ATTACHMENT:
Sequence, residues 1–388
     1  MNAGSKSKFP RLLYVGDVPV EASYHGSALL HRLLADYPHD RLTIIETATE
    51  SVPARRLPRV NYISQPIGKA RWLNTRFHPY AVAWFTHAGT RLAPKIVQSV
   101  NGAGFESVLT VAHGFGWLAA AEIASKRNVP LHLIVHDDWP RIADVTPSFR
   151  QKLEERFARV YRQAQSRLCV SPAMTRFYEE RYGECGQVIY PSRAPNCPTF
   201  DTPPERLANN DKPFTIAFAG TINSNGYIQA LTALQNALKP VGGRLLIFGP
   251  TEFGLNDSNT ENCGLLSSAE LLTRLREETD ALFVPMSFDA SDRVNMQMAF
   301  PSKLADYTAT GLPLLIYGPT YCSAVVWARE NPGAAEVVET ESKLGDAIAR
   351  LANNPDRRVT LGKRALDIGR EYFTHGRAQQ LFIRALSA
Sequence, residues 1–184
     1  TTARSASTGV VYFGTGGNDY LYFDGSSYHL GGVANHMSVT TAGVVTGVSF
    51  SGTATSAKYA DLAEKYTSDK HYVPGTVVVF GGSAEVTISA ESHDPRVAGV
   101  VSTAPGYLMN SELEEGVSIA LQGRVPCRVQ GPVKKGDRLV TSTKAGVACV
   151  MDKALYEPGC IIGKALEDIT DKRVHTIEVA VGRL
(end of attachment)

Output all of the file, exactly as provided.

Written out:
Sequence, residues 1–388
     1  MNAGSKSKFP RLLYVGDVPV EASYHGSALL HRLLADYPHD RLTIIETATE
    51  SVPARRLPRV NYISQPIGKA RWLNTRFHPY AVAWFTHAGT RLAPKIVQSV
   101  NGAGFESVLT VAHGFGWLAA AEIASKRNVP LHLIVHDDWP RIADVTPSFR
   151  QKLEERFARV YRQAQSRLCV SPAMTRFYEE RYGECGQVIY PSRAPNCPTF
   201  DTPPERLANN DKPFTIAFAG TINSNGYIQA LTALQNALKP VGGRLLIFGP
   251  TEFGLNDSNT ENCGLLSSAE LLTRLREETD ALFVPMSFDA SDRVNMQMAF
   301  PSKLADYTAT GLPLLIYGPT YCSAVVWARE NPGAAEVVET ESKLGDAIAR
   351  LANNPDRRVT LGKRALDIGR EYFTHGRAQQ LFIRALSA
Sequence, residues 1–184
     1  TTARSASTGV VYFGTGGNDY LYFDGSSYHL GGVANHMSVT TAGVVTGVSF
    51  SGTATSAKYA DLAEKYTSDK HYVPGTVVVF GGSAEVTISA ESHDPRVAGV
   101  VSTAPGYLMN SELEEGVSIA LQGRVPCRVQ GPVKKGDRLV TSTKAGVACV
   151  MDKALYEPGC IIGKALEDIT DKRVHTIEVA VGRL